Winding Down in Beijing

The final days of our tour and we are in Beijing.  No shows scheduled here so we’re chilling and doing things like—going to Starbuck’s and Internet Cafes, swimming and sauna.

I believe it was the third day when I suddenly realized I had fallen in love with this country.  The people: so genuine, focused, attentive, kind, polite, self-effacing.  Such a deep respect for the past.  And what an ancient, glorious past!  The Great Wall truly a marvel, but then everyone says that.  They are right.

  The Jade Buddhist Temple in Anshan:  astonishing!  I don’t normally do the tourist things, museums and all (there are exceptions like Reina Sofia in Madrid), but just walking around, getting something to eat, browsing the open air markets and second-hand stores—manuevering around this vast sea of humanity and gentility—it is consciousness-expanding, ultimately mind-blowing.

The food:  I LOVE IT!  Every conceivable vegetable cooked in ingenious, delectable ways.  Seafood, chicken, duck—I don’t eat beef, lamb or pork but plenty of that, too—great omelettes filled with something akin to spinach or chard.  Insane variety of regional cuisine.  A country of 1.4 billion people that love to eat.  Did I mention the baked goods or the lightly fried stuffed pancake, cream filled and not-too-sweet?  The stuffed dumplings?   Coffee not so good, hence my over reaction to the Starbucks.  The tea is, not surprisingly, very good;  their is plenty of good beer and I found an excellent, dirt-cheap and potent brandy.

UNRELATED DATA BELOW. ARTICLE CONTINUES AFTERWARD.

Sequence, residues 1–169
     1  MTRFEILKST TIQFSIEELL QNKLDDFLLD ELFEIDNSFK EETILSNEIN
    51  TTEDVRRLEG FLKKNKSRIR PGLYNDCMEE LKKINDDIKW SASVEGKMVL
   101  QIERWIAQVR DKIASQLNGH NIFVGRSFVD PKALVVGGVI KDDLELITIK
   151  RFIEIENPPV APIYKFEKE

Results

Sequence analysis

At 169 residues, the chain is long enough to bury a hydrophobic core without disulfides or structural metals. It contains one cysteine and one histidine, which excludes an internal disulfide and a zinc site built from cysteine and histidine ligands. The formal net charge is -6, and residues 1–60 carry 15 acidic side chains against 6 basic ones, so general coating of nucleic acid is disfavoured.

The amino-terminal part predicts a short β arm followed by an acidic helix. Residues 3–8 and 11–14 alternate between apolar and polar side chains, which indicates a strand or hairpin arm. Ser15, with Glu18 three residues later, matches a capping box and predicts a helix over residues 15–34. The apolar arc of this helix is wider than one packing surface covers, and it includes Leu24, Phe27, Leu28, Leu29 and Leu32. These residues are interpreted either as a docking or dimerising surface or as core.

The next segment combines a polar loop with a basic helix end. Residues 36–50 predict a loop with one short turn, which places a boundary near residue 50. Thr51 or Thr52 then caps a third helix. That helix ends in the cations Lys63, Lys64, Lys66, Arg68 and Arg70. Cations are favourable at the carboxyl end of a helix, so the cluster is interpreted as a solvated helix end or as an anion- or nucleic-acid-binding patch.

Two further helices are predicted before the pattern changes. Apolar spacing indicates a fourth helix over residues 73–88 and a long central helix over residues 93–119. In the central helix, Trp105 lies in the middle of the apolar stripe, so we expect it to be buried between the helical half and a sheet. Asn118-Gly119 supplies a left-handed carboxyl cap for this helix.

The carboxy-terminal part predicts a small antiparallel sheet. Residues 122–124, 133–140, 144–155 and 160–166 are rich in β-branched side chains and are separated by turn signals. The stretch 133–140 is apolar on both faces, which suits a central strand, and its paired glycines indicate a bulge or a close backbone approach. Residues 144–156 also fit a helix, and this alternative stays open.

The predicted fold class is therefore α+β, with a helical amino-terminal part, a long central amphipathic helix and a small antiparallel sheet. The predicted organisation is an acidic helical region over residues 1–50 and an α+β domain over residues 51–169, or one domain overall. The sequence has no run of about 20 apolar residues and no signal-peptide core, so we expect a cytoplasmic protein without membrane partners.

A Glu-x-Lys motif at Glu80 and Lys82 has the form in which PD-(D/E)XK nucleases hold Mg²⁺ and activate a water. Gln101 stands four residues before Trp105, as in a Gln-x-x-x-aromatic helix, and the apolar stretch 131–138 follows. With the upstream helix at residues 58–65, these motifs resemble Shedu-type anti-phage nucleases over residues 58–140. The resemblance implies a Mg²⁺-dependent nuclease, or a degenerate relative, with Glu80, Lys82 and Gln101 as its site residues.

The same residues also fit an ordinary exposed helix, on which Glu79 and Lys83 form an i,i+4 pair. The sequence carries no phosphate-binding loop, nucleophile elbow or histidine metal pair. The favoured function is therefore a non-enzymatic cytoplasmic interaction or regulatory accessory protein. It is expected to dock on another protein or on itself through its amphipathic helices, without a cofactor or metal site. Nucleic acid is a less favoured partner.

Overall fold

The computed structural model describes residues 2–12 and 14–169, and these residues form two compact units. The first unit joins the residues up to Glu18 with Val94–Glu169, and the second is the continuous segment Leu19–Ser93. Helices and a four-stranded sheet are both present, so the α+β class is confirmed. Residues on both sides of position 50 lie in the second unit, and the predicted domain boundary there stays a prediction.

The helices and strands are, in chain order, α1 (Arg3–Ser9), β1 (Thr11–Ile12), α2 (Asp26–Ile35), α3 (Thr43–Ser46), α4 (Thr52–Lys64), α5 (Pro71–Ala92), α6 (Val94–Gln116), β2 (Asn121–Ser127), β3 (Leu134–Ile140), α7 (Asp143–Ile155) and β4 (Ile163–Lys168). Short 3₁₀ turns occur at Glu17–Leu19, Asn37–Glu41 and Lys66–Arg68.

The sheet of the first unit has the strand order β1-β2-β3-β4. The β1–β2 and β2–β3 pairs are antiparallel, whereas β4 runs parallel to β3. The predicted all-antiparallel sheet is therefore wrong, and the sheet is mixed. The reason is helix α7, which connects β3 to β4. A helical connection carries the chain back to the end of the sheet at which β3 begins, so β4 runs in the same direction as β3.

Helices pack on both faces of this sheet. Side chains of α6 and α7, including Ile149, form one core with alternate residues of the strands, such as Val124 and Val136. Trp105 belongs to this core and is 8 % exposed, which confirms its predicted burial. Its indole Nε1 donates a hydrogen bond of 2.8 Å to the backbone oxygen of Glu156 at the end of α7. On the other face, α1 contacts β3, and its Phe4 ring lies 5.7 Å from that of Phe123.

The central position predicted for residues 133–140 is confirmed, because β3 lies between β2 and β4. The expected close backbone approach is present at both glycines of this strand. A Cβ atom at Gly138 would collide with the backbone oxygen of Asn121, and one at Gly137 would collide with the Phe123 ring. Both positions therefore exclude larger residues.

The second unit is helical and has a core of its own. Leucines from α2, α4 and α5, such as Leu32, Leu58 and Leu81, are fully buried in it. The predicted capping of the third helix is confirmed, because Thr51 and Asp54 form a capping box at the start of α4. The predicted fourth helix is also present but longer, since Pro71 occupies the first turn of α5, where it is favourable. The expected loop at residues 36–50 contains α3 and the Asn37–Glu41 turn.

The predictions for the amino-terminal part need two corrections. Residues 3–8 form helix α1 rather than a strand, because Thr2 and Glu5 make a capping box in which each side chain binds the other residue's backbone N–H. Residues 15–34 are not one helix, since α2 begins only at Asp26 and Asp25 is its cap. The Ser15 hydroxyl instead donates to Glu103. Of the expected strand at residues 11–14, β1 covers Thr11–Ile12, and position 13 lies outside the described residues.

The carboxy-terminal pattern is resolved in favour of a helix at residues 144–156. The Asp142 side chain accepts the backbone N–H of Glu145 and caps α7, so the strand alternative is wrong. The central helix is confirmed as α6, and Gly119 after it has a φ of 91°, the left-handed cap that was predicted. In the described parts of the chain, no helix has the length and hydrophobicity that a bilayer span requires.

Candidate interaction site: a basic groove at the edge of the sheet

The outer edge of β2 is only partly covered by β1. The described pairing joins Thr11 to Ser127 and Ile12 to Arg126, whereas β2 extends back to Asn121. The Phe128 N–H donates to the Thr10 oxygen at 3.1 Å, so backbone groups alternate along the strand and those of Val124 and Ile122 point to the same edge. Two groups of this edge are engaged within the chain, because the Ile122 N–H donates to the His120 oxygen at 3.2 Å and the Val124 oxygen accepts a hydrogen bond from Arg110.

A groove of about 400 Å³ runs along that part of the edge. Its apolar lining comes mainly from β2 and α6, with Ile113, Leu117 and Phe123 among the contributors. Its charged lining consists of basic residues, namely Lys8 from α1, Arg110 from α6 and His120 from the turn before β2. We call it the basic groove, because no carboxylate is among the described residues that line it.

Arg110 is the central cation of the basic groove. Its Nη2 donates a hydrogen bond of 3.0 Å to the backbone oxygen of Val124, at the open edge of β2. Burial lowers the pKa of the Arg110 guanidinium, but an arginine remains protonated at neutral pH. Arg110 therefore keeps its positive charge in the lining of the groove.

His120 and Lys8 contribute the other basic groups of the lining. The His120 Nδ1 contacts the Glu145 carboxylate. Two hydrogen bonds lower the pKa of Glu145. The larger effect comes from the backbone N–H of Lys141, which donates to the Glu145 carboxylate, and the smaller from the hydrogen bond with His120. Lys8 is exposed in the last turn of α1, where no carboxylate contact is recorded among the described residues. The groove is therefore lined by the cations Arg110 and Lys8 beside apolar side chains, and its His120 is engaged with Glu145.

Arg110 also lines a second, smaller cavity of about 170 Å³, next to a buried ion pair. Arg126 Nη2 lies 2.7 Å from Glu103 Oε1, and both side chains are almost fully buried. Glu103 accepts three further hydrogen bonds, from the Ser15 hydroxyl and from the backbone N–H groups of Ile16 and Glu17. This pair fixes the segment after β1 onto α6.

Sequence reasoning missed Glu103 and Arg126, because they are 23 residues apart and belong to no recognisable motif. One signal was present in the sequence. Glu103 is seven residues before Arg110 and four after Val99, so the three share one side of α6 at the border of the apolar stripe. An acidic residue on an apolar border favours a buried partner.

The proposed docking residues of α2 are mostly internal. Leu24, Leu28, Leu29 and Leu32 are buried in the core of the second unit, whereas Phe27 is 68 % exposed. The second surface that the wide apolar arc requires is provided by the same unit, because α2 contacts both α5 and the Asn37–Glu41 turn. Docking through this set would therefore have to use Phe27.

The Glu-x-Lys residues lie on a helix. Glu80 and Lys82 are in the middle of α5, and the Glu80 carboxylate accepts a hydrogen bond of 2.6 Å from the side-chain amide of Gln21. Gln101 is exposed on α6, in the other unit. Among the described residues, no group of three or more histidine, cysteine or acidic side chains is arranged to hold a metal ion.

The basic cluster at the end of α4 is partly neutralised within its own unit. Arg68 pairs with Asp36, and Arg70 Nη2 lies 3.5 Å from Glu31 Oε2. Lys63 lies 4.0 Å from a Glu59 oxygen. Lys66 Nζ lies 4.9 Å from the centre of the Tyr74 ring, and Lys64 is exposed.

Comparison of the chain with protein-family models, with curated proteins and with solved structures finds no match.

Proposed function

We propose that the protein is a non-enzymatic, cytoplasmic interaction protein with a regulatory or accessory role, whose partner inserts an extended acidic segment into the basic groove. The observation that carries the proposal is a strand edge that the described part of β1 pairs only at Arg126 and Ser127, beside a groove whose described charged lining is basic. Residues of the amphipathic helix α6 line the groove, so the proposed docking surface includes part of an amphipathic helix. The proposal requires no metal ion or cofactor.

The Ensemble Espanyol (sic, I can’t find the character to make the correct “n”) gave 4 concerts, 2 in Shenyang and one each in Anshan and Qinghuandao.  All were totally soldout with lots of people standing and many turned away or listening outside the hall.  Tremendous, heartwarming response.  Working with the other musicians was inspiring—I learned a lot!  The 2 other guitarists, Panzekito and Paco Fonta (both sang really well, by the way), are superb musicians and it is an honor to be with them.  I need to correct my spelling of the violinist’s name—he is Michael Gadzinski with an “i”—wonderful player.  Mick LaBriola’s percussion solo never failed to light up the crowd.

I have to mention something else I found extremely charming, as well as thought provoking.  That is the slogans that adorn roadsides.  Gems like:  Construct Harmonious Traffic with Kind Heart.  Or: Abandon Bad Habits–Embrace Civility.  Also: World Vision, Chinese Wisdom.  Then there’s the ubiquitous slogan of the 2008 Olympics:  One World.  One Dream.

Since living in India for 2 years in my early 20’s I have always retained a deep respect and regard for that place—another benevolent sea of humanity, but plagued with poverty, disease and malnourishment.  Here in China I reconnect with those feelings while marveling at this society as it clothes, feeds and attends to the needs of nearly everyone.  I may well be wrong but this is how I see it.